October 19,1966. G. P. A. Silva, J.—
This is an application in revision against the order of the Magistratewho, without proceeding to conviction of the accused, found the fact*of the case proved and dealt with the accused in terms of Section ofthe Criminal Procedure Code.
Q. P. A. SILVA, J.—Sugathapala v. Snares
There were two charges alleged against the accused. The first wasthat he wrongfully restrained Kavisena Herat by obstructing the highwayand prevented the said Kavisena Herat from proceeding towardsNikaweratiya in Vehicle No. EY 6846 and that he thereby committedan offence punishable under Section 332 of the Penal Code. Secondly,the accused was charged with criminal intimidation by uttering certainwords, an offence punishable under Section 486 of the Penal Code.The learned Magistrate acquitted the acoused on count two and foundthat the facts regarding count one were proved. As the order of theBflagistrate is not appealable, this matter comes up before me by way ofrevision.
Mr. H. V. Perera, for the accused-petitioner raises two main points :one is a question of law and the other a question of fact, which in hissubmission must necessarily induce this Court to set aside the order ofthe learned Magistrate. The question of law is, that Section 332 of thePenal Code requires that a particular person should be obstructed by theaccused. The charge sets out that Kavisena Herat was the person whowas intended to be obstructed. The evidence in the case is that theaccused did not know that it was Kavisena Herat who travelled in thevehicle that is alleged to have been obstructed. The evidence of KavisenaHerat himself supports the version of the accused that as soon as he gotdown from the vehicle and went up to the accused, he apologised to himand said that he was not aware that Kavisena Herat was travelling in theje.ep. Apart from this there are two conflicting versions of Kavisena Heratand his driver as to the manner in which the accused behaved immediatelybefore the alleged obstruction. The incident took place in broad day-light. According to the version of Kavisena Herat the accused was ina stationary position on his motor bicycle on the road and the obstructiontook place as he approached. But, according to the driver, the motorbicycle was being ridden some distance away from the jeep in whichKavisena Herat was travelling, and it was when the two vehicles cameface to face that the alleged obstruction was committed. The learnedMagistrate has noticed this contradiction but does not say in his findingwhat impact it had on the actual charge of obstruction, the credibilityof witnesses and such other matters except that he says that this type ofcontradiction is to be expected when there is delay in bringing cases toCourt. But I think this item of evidence which gave a different versionof the commencement of this incident, one of which, is consistent withthe version of the accused, necessarily redounds to the benefit of thedefence and must create a reasonable doubt in the mind of the Magistratein regard to the truth of the prosecution case. Having regard to bothpoints raised by Mr. Perera, the application is in my view entitled tosucceed.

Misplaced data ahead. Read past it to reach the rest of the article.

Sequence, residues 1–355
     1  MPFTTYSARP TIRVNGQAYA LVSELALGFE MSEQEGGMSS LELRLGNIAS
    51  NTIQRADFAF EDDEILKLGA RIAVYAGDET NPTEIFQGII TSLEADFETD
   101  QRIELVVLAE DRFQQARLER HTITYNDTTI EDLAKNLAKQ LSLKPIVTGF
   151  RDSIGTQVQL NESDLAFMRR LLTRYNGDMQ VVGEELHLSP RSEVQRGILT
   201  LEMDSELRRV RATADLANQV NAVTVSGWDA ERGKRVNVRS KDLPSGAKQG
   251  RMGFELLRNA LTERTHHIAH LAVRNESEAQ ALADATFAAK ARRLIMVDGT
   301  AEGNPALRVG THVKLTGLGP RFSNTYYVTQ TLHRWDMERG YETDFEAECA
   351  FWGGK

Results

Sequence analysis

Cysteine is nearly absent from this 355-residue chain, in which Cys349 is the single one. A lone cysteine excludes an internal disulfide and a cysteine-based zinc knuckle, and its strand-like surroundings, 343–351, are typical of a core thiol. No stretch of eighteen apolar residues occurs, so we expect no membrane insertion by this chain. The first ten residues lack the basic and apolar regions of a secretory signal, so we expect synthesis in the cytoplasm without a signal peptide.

I therefore set aside the finding of the Magistrate and also his ordermade under Section 325. The Crown costs which have been paid by theaccused should be refunded to him.
Application allowed.